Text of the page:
Rather than making science the top priority, the farm should be the No. 1 concern. “Your farm is your area of expertise,” Pratt says. “We grow corn and soybeans, so that’s what I stick with.”

Pratt notes the “pink slime” debacle irritated her as much as the next person. However, they don’t have any livestock on their Dixon, Ill., farm. She sat that one out.

Explaining the economics

Until now, growing corn has been extremely profitable for a number of years.

For some reason, consumers do not want to hear that. Pratt and Schweigert have both noticed consumers want to equate farming with a hardscrabble lifestyle. This can lead to some sticky situations if approached callously.

Schweigert notes the goal should never be to shock the consumer with the price tag of a new combine.

“On the one hand, consumers need to understand that farming is a business,” Pratt says. “But you shouldn’t approach this as, ‘I have a right to make this much per year.’ Instead, link it back to your family. Say, ‘I have a right to be able to pay for medical insurance for my family.’ ”

When describing the economics of farming, Maple Park, Ill., farmer Lynn Martz always tries to give consumers an understanding of the risk involved each year. She also wants them to know how cyclical farming is.

“We are price-takers,” she adds. “We’ve never been price-makers.”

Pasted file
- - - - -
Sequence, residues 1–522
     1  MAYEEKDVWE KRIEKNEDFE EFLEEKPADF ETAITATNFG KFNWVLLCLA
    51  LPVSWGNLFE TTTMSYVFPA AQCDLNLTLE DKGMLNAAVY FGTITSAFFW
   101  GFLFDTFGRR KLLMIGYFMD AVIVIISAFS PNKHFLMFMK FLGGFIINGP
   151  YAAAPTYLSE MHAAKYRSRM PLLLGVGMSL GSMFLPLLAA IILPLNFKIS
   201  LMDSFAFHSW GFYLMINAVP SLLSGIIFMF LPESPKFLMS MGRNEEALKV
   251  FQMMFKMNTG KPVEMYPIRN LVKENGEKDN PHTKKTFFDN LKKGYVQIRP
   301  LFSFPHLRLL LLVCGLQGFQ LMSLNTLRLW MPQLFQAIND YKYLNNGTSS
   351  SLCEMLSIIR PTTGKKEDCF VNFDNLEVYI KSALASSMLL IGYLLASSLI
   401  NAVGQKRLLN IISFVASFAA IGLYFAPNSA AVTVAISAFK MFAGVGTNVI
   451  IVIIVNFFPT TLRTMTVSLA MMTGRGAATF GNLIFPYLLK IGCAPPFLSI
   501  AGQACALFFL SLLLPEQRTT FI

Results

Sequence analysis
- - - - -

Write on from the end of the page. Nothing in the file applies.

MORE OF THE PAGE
How to tell your farm story

Part of successful “agvocacy” means sharing your farm’s story.

But what is your farm’s story? If you go back to the beginning, it would take a full day to tell it. Along the way, you’ll lose your audience.

Dixon, Ill., farmer Katie Pratt has a little writing exercise to help hone some of these tales. For example, let’s take a fairly common occurrence: We installed autosteer on the tractor last year. Now, back up and ask who, what, when, where and why. Once you start asking these questions, the story starts to take shape.

Let’s say the original version was something like, “We installed autosteer on the tractor so we can plant straighter rows.”

By asking those journalistic questions, maybe you realize that the discussion about autosteer started when your son came back to the farm. His knowledge of technology helped jump-start the decision. This lets the consumer know a multigenerational family team is making the decisions on your farm.

From there, maybe you can explain briefly how GPS location technology works. Remember not to get too technical or bogged down with name brands. Also, don’t use jargon like WAAS without explaining it. In most cases, it is best to avoid it.

Finally, tie it all together with some information on how the new technology has improved productivity by reducing seed overlap. Plus, straighter rows mean more rows per field. All of this means you’re farming that acre of land as efficiently as possible.

Taking a step back to analyze some of these simple farm activities can give consumers a better understanding of why you make certain decisions.


Farm or land

Grow or raise

Farm community

Earn a living

Wise use of time

Wise use of land or water

Best practices and ethical standards

Healthy or wholesome food

I grow food for my family and yours

Words to Use
Words to Lose

to use




Ag industry





Affordable or abundant food

We feed the world

to Lose


2-YEAR TOUR: Katie Pratt spent two years speaking on behalf of corn and soybean growers with the U.S. Farmers and Ranchers Alliance. She and husband Andy farm near Dixon, Ill.

This article published in the February, 2015 edition of WESTERN FARMER-STOCKMAN.

All rights reserved. Copyright Farm Progress Cos. 2015.